Remembering the Story of Isra and Miraj

Remembering the Story of Isra and Miraj June 5, 2013

How are your Ramadan preps coming along? In less than 40 days, the holy month of Ramadan will be upon us, and the months preceding it—Rajab and Sha’baan – are great months to prepare, make up fasts, get into the right frame of mind, set our goals, to evaluate where we are now in our deen from last Ramadan and figure out where we want to be with this Ramadan and after.

Near the end of the month of Rajab also comes the significant event from Islamic history known as Isra and Miraj, or the journey of the ascension of the Prophet Muhammad (saw).  As the story goes, this was when the Prophet Muhammad (saw) was visited by the Angel Jibriel (Gabriel) and two other angels, who prepared his body for a special journey. Soon after, a creature known as the Barraq, which hadith says resembles a horse-like animal, arrived to take the Prophet on a special journey.

It’s interesting, as noted by Islamic Voice, that the word Barraq has an interesting meaning:

“After the transformation of the body, a conveyance named Burraq was presented before him. Burraq, the narration says, resembled a horse-like animal but its very name indicates that it also possessed a lightening body. The word Burraq is derived from the root Bar’q which means ‘electricity’ in Arabic. Burraq signifies that he had to be taken with the velocity of Bar’q that is electricity or light which is 300,000 km per second.”

The Barraq, as the story goes, then carried the Prophet from Makkah to Masjid-al-Aqsa in modern-day Jerusalem, which is indicated in the Quran: “Exalted is He (Allah) who took his bondsman (Muhammad) for a journey by night from Masjid-il-Haram (Ka’ba) to Masjid-il-Aqsa (the Mosque in Jerusalem), the neighborhood whereof we have blessed, in order that we might show him our signs … (17:1)”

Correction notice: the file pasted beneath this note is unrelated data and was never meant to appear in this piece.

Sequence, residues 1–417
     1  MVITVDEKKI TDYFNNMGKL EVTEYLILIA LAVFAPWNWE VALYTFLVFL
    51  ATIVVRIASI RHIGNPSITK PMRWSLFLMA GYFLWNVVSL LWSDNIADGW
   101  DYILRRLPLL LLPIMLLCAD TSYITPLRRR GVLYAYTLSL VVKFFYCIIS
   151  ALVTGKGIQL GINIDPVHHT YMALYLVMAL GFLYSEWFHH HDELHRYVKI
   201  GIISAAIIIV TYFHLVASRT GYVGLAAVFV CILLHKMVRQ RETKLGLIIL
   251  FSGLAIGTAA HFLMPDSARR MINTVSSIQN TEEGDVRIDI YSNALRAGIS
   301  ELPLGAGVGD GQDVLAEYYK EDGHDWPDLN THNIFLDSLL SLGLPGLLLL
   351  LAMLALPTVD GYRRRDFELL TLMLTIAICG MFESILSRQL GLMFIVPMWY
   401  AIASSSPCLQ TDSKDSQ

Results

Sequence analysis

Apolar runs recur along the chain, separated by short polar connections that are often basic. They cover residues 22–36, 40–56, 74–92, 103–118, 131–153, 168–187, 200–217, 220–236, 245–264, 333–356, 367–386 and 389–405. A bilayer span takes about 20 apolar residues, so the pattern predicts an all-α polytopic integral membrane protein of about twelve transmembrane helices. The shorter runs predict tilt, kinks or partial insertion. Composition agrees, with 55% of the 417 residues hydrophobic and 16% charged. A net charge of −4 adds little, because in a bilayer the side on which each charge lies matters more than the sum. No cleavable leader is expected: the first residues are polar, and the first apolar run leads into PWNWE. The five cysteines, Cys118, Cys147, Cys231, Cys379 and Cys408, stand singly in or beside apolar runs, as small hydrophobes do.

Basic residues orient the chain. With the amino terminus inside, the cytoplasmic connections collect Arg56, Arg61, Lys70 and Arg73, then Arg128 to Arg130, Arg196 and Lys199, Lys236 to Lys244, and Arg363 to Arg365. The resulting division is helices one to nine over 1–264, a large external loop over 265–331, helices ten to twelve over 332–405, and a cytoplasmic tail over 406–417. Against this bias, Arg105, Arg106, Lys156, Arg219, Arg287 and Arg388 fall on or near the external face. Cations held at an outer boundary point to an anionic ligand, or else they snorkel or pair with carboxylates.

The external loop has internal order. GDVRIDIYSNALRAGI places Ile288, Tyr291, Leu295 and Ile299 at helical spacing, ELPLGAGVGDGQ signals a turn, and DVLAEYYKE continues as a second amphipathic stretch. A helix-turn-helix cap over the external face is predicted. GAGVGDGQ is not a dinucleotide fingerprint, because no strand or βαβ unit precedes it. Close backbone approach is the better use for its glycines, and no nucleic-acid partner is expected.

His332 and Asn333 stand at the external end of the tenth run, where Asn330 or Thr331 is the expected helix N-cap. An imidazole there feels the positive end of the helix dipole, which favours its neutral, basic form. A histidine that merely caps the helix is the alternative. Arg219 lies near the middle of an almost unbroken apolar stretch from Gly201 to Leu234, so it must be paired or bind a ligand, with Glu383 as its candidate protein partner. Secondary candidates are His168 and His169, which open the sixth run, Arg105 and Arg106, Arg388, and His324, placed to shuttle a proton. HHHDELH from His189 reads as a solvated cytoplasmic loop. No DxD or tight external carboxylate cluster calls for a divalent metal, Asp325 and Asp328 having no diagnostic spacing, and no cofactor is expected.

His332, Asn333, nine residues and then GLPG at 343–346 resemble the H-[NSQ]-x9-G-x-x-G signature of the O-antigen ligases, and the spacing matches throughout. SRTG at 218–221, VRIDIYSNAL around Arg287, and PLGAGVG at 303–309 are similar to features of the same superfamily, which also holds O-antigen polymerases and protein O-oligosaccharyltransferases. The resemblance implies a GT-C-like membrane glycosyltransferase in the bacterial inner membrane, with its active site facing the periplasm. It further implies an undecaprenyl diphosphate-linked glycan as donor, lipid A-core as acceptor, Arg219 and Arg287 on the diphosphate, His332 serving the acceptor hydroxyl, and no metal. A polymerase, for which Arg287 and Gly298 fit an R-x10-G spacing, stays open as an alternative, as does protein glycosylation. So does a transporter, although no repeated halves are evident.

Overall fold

There at Al Aqsa, the Prophet led in prayer all prophets who were gathered there, and from there he was raised to the heavens where he met with different Prophets. Says Islamic Voice:

“Then came the most honoured moment of the journey as he was elevated to a point beyond heavens, called Sidrat-ul-Muntaha. What he observed there is described in Quran in the following words; ‘One free from any defect in body and mind then He rose and became stable, While he was in the highest part of the horizon. Then he approached and came closer and was at a distance of two bows length or (even) closer. So, He (Allah) revealed to his bondsman (Muhammad) whatever he revealed. The Prophet’s heart lied not in what he saw. Will you then dispute with him (Muhammad) about what he saw? And indeed, he (Muhammad) saw him at a second descent near Sidrat-ul-Muntaha. Near it is Paradise of Abode. When that covered the Sidrah, which did cover it, the sight (of Prophet Muhammad) turned not aside nor it transgressed beyond the limit. Indeed he (Muhammad) did see of the greatest signs of his Lord (Allah). (53:6-18)’”

As the last part of the story of this wondrous night goes, the rule that Muslims must perform salaat (prayer) five times a day was ordained. And when it was all done, he was taken back to Makkah to the Ka’ba, with the whole journey being completed within the night.

I’ve been told this story of Isra wal Meraj from as long as I can remember by my parents. Growing up in North Dakota in the 1980s where we were one of the only Muslim families in town – no Sunday Schools let alone Islamic schools, no plethora of great Islamic children’s books or historical textbooks readily available to us for learning (forget Internet and Google) – our Islamic knowledge came from the oral storytelling of our faith from my parents.